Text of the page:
Objective research to aid investing decisions

Value Investing Strategy (Strategy Overview)

Allocations for December 2022 (Final)
Cash TLT LQD SPY

Momentum Investing Strategy (Strategy Overview)

Allocations for December 2022 (Final)
1st ETF 2nd ETF 3rd ETF

A Better Three-Factor Model?

| | Posted in: Big Ideas

The widely used Fama-French three-factor model explains stock returns based on aggregate market return, firm size (small versus large) and firm valuation (value versus growth). Since the Fama-French model does not explain the stock price momentum effect, researchers and investors often add momentum as a fourth factor to predict future stock returns. Might some other small set of factors (three) outperform the Fama-French model in explaining stock returns, obviating the need for a momentum factor and accounting for other stock return anomalies as well? In their June 2009 paper entitled “A Better Three-Factor Model That Explains More Anomalies”, Long Chen and Lu Zhang argue that a three-factor model based on aggregate market return, level of firm investment relative to assets (low versus high) and return on assets (high versus low) substantially outperforms the Fama-French model in explaining stock returns. Using a wide range of firm and stock data for a broad sample of stocks over the period 1972-2006 to test this model, they conclude that:

  • The investment premium (return for the lowest 30% investment firms minus return for the highest 30% investment firms) averages about 0.43% per month over the entire sample period.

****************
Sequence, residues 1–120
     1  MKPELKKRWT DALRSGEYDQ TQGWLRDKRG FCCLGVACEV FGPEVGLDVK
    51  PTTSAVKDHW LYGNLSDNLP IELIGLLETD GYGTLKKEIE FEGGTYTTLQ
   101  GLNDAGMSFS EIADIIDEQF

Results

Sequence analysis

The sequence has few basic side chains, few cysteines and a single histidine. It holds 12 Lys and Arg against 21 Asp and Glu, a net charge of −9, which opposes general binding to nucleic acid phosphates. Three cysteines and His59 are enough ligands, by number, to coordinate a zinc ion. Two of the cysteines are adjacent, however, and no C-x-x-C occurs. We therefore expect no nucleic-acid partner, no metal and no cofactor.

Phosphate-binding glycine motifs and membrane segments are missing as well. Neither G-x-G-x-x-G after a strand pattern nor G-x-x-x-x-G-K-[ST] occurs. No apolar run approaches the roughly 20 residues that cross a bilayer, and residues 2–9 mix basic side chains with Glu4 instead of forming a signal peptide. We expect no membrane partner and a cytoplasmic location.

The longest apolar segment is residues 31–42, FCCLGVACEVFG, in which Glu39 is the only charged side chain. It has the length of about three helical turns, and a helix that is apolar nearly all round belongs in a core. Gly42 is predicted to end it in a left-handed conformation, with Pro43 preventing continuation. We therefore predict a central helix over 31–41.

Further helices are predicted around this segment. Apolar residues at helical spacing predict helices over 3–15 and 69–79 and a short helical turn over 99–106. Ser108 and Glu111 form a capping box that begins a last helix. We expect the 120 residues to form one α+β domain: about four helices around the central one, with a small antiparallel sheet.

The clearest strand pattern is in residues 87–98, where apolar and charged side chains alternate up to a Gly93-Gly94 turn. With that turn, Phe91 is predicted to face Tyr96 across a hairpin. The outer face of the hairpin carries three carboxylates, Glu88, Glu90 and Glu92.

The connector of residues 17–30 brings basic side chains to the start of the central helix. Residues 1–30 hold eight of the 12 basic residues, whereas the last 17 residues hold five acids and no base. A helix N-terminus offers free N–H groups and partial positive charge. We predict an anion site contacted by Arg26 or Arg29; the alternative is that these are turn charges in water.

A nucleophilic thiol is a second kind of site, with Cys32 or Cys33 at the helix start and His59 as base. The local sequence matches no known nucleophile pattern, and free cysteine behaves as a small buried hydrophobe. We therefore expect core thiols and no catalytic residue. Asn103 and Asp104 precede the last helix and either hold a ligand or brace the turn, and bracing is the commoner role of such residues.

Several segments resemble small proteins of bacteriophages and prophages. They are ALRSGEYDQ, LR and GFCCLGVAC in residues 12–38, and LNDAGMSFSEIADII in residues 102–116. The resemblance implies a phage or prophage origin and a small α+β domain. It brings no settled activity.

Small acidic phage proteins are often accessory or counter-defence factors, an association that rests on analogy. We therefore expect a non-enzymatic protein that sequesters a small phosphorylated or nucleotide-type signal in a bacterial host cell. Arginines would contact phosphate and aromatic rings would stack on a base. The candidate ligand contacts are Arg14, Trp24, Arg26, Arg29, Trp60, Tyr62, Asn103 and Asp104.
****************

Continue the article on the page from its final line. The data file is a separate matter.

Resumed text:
• The return on assets (ROA) premium (return for highest 30% ROA firms minus return for lowest 30% ROA firms) averages about 0.96% per month over the entire sample period.
  • This new three-factor model:
    • Fully explains the effects of firm size, stock price momentum (such that no momentum factor is needed) and firm financial distress on stock returns.
    • Outperforms the Fama-French model in explaining the effects of net stock issuance, asset growth and earnings surprises on stock returns.
    • Roughly matches the Fama-French model in explaining the effect of book-to-market value on stock returns.
  • This new model does not interpret factor effects in terms of reward for risk and is not directly amenable to behavioral mispricing explanations.

The authors propose that researchers and investors view this new market-investment-ROA model, which economically resolves many known anomalies, as a workhorse for estimating future stock returns.

In summary, investors who pick stocks may want to focus on two firm characteristics: (1) investment-to-assets ratio; and, (2) return on assets. Evidence indicates that these two characteristics are foundational to a broad range of stock return anomalies.

Login
Daily Email Updates
Filter Research
  • Research Categories (select one or more)